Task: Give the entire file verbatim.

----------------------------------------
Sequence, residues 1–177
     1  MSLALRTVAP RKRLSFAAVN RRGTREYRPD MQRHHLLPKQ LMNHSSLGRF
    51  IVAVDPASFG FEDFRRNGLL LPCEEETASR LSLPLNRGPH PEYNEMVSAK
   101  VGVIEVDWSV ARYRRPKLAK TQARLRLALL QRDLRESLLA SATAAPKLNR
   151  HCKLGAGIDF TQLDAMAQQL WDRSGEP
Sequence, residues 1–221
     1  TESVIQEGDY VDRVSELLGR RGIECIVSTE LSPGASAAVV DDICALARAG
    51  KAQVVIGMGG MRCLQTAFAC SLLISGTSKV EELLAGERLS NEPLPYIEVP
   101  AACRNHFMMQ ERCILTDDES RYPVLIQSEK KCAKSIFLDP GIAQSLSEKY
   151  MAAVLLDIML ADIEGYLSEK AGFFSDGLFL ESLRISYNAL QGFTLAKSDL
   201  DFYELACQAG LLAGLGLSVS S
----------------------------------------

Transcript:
Sequence, residues 1–177
     1  MSLALRTVAP RKRLSFAAVN RRGTREYRPD MQRHHLLPKQ LMNHSSLGRF
    51  IVAVDPASFG FEDFRRNGLL LPCEEETASR LSLPLNRGPH PEYNEMVSAK
   101  VGVIEVDWSV ARYRRPKLAK TQARLRLALL QRDLRESLLA SATAAPKLNR
   151  HCKLGAGIDF TQLDAMAQQL WDRSGEP
Sequence, residues 1–221
     1  TESVIQEGDY VDRVSELLGR RGIECIVSTE LSPGASAAVV DDICALARAG
    51  KAQVVIGMGG MRCLQTAFAC SLLISGTSKV EELLAGERLS NEPLPYIEVP
   101  AACRNHFMMQ ERCILTDDES RYPVLIQSEK KCAKSIFLDP GIAQSLSEKY
   151  MAAVLLDIML ADIEGYLSEK AGFFSDGLFL ESLRISYNAL QGFTLAKSDL
   201  DFYELACQAG LLAGLGLSVS S